Twin Research and Human Genetics


The Association Between Teenage Motherhood and Poor Offspring Outcomes: A National Cohort Study Across 30 Years

Claire A. Coynea1 c1, Niklas Långströma2, Paul Lichtensteina2 and Brian M. D'Onofrioa1

a1 Indiana University, Bloomington, IN 47405, USA

a2 Karolinska Institutet, Stockholm, Sweden


Teenage motherhood is associated with poor offspring outcomes but these associations may be influenced by offspring birth year because of substantial social changes in recent decades. Existing research also has not examined whether these associations are due to the specific effect of mother's age at childbirth or factors shared by siblings in a family. We used a population-based cohort study in Sweden comprising all children born from 1960 to 1989 (N = 3,162,239), and a subsample of siblings differentially exposed to maternal teenage childbearing (N = 485,259) to address these limitations. We examined the effect of teenage childbearing on offspring violent and non-violent criminal convictions, poor academic performance, and substance-related problems. Population-wide teenage childbearing was associated with offspring criminal convictions, poor academic performance, and substance-related problems. The magnitude of these associations increased over time. Comparisons of differentially exposed siblings indicated no within-family association between teenage childbearing and offspring violent and non-violent criminal convictions or poor academic performance, although offspring born to teenage mothers were more likely to experience substance-related problems than their later-born siblings. Being born to a teenage mother in Sweden has become increasingly associated with negative outcomes across time, but the nature of this association may differ by outcome. Teenage childbearing may be associated with offspring violent and non-violent criminal convictions and poor academic performance because of shared familial risk factors, but may be causally associated with offspring substance-related problems. The findings suggest that interventions to improve offspring outcomes should delay teenage childbearing and also target risk factors influencing all offspring of teenage mothers.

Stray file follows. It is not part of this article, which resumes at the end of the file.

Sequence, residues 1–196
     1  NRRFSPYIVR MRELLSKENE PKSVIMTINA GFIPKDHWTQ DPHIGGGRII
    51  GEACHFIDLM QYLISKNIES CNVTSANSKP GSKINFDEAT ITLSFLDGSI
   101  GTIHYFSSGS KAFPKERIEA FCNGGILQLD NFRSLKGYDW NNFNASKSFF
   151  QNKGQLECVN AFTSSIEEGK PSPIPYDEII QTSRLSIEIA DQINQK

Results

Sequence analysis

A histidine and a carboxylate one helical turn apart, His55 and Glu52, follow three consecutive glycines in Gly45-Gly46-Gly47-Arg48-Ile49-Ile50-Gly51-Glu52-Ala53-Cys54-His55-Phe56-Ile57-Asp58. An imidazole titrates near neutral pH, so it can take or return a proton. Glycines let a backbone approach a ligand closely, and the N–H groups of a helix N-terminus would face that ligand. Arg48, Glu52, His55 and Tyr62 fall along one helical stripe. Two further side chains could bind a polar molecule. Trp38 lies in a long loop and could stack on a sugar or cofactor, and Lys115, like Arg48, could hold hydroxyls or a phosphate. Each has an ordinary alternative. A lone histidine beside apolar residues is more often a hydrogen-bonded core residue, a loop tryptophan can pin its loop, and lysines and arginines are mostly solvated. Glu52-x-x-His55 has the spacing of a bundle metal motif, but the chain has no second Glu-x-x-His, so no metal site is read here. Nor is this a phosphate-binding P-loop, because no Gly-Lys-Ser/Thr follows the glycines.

(Received December 18 2012)

(Accepted February 28 2013)


  • teenage childbearing;
  • teenage motherhood;
  • criminal behavior;
  • substance use;
  • academic attainment;
  • academic achievement


c1 address for correspondence: Claire A. Coyne, Indiana University, 1101 E. 10th St., Bloomington, IN 47405, USA. E-mail: